Gunston Road is a two-lane road with no shoulders. Many of the vehicles on the road are pulling trailers that are wider than the vehicle itself. The road dead ends at the Potomac RIver. The speed limit is 50 miles per hour. Why? Because VDOT probably thinks boaters have a need for speed or something.

After two close passes by trailers, I bailed onto Belmont Road. With no traffic, I tried riding no hands. Success! After a mile, I encountered a dead end sign. Um, VDOT, can you put a sign at the turnoff please?

Back on Gunston an SUV buzzed me, then another trailer, then a guy on a road bike. Oof.

I finally reached the abrupt dowhill and turned into Mason Neck Park. Just after turning I turned again onto a path through the woods next to the road. This is a sweet ride, made sweeter by the Cross Check’s ability to eat bumps. Curves and bridges and trees went by. Soon I arrived at the end of the line on Belmont Bay. What a pretty day.

After downing a drink, I headed back home. I took a right on Gunston to check out the quiet neighborhood on the river. New developments have sprung up along the road, but the end-of-the-road neighborhood retains its charm and style.

I did a loop through the neighborhood before heading for home. I took a left at Springfield Driveto avoid a half mile of boats and SUVs. Back on Gunston, I set my jaw and rolled. My reward was a fun, shady, curvy downhill on Old Colcheser Road. This gives way to big, sunny, ugly Telegraph Road. I endured at 30 miles per hour. Weeeee.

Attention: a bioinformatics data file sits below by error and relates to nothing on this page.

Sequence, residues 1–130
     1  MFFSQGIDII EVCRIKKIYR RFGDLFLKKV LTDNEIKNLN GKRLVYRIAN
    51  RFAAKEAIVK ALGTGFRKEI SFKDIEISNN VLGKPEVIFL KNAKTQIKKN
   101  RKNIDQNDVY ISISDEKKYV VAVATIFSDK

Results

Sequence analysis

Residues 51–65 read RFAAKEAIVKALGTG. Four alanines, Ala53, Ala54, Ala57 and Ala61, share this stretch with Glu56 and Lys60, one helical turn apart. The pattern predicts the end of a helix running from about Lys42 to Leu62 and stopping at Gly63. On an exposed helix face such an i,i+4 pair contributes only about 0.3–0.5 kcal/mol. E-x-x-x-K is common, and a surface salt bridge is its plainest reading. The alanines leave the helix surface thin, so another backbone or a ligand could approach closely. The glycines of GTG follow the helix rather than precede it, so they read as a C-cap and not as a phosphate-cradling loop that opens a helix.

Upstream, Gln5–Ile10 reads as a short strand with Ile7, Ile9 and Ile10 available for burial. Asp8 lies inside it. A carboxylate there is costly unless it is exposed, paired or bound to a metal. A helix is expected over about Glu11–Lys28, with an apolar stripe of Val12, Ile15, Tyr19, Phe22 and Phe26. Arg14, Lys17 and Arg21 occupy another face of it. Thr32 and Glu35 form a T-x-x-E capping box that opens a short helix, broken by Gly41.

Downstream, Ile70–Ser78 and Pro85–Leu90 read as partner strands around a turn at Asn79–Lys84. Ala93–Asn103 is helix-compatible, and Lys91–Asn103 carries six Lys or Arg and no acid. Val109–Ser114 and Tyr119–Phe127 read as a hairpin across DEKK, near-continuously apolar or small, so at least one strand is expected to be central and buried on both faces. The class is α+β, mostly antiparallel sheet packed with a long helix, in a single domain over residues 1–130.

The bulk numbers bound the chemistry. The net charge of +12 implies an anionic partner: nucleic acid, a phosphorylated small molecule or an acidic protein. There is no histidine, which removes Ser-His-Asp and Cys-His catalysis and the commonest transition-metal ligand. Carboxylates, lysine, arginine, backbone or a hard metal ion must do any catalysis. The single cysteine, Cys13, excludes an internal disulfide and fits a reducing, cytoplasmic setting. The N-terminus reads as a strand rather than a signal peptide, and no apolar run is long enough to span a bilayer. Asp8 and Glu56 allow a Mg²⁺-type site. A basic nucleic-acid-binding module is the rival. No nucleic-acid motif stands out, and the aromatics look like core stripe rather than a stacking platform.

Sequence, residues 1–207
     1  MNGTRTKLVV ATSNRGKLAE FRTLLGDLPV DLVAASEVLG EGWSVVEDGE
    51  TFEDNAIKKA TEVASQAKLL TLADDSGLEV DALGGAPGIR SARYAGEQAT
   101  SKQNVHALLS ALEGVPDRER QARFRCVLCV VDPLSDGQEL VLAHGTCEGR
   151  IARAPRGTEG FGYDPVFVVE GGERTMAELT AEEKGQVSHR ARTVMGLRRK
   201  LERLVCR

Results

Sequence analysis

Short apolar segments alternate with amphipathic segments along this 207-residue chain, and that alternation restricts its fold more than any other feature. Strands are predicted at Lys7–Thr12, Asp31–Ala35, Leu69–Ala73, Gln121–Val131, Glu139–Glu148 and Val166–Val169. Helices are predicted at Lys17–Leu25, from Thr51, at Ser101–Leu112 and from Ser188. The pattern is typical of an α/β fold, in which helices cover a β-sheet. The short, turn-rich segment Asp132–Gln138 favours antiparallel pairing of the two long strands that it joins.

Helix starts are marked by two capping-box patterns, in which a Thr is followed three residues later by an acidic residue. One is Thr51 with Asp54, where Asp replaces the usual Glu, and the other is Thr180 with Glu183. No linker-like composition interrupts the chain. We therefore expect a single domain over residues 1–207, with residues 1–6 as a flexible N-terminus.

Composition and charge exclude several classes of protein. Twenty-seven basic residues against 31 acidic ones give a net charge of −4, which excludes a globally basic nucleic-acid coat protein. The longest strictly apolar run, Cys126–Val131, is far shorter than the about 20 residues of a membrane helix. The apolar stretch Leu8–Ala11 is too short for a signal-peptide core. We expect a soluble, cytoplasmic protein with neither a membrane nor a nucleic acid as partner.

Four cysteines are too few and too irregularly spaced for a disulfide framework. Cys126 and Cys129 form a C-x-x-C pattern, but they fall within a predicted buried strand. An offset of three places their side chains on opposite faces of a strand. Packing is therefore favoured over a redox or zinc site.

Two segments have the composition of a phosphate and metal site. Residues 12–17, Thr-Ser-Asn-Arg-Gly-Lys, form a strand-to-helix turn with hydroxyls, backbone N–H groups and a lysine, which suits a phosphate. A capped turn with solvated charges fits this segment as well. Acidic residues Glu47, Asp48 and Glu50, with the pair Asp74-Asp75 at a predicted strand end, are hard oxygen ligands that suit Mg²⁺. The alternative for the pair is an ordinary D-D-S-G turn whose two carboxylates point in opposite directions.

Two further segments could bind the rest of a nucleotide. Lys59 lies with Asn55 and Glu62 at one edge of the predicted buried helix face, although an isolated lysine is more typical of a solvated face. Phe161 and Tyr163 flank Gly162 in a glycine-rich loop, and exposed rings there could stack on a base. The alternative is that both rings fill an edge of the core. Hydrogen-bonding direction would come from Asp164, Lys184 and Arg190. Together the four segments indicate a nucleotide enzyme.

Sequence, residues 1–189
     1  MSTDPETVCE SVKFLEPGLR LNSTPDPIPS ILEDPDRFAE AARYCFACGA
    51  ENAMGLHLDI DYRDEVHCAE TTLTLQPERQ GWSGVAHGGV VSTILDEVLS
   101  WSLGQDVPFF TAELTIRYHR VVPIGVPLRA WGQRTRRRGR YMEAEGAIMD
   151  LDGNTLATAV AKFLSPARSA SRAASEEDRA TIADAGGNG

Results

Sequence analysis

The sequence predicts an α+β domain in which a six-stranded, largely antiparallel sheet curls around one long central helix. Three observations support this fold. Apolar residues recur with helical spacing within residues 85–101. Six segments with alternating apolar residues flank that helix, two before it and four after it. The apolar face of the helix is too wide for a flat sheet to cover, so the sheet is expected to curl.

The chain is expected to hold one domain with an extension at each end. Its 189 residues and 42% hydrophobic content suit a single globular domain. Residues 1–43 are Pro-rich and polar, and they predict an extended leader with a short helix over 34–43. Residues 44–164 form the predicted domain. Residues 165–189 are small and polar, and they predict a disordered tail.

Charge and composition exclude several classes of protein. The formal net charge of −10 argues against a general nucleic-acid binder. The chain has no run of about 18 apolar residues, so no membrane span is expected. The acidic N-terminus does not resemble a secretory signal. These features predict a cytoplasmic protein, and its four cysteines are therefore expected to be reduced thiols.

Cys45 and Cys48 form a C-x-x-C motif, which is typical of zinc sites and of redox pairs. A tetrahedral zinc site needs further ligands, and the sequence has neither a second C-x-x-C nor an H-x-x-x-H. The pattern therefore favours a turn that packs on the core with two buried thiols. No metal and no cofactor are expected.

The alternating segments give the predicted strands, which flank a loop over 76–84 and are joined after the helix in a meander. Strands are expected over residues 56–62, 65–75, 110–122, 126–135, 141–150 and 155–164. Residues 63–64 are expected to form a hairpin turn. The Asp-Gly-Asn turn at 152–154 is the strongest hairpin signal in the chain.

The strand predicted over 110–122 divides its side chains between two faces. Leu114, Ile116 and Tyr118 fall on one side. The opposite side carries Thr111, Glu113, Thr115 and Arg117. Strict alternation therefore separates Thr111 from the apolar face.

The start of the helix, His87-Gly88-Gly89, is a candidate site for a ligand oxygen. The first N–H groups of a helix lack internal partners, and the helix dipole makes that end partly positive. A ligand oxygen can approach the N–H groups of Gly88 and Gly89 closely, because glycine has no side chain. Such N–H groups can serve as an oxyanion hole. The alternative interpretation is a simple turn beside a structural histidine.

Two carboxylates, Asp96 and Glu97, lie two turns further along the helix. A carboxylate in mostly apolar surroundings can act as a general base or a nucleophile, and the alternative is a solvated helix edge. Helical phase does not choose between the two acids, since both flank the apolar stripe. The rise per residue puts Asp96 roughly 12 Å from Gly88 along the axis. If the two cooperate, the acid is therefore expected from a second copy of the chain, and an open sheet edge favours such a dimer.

Going fast was fun so I took the Farirfax County Parkway. It has an enormous shoulder so this is actually pretty safe by VDOT standards. It has a side path too but who cares when you have your own 8 foot paved shoulder.

Turning off on Backlick a remnant of the pre-parkway era of crummy roads in this area, I arrived at Route 1. I was shocked to see the destruction caused by a wideninDSCN4055g project that politicians hope will improve on gridlock in this area. This will encourage still more development to the south solving not a thing in the long run.

I waited for the light to turn green but it was operated by a metal sensitive wire in the road. The Cross Check has insufficient steel to activate the switch, a fact that I could only learn after getting stiff in a very long light cycle. I noticed a beg button to the left. VDOT, this is not England. Bikes don’t ride on the left. Once the oncoming cars went through the intersection, I blew the red light.

I rode into Fort Belvoir and stopped behind a van at the security checkpoint. The van was being given a serious search. After waiting a discrete amount of time, I walked over the curb and used a different lane. I think the van was operated by the base’s security people. They were testing the thoroughness of the security. I showed my drivers license and rolled through.

Up the hill and through the base I rode. A sign said that the golf course is open to the public.Woot.

I rolled by the Officers’ Club past the roadside signs that announced a seafood buffet on Friday! Woot. Woot.

Down the hill I rode to Walker Gate. I smoked that sucker only to find for the first time since 9/11 the gate was close.

I rode across the base to the Route 1 gate which dumped me onto a three-lane highway without a paved shoulder (go VDOT!).

I reached the Mount Vernon Highway and realized that the breeze from my riding had disguised a pretty hot day. I slogged away riding the gradual uphill to Mount Vernon.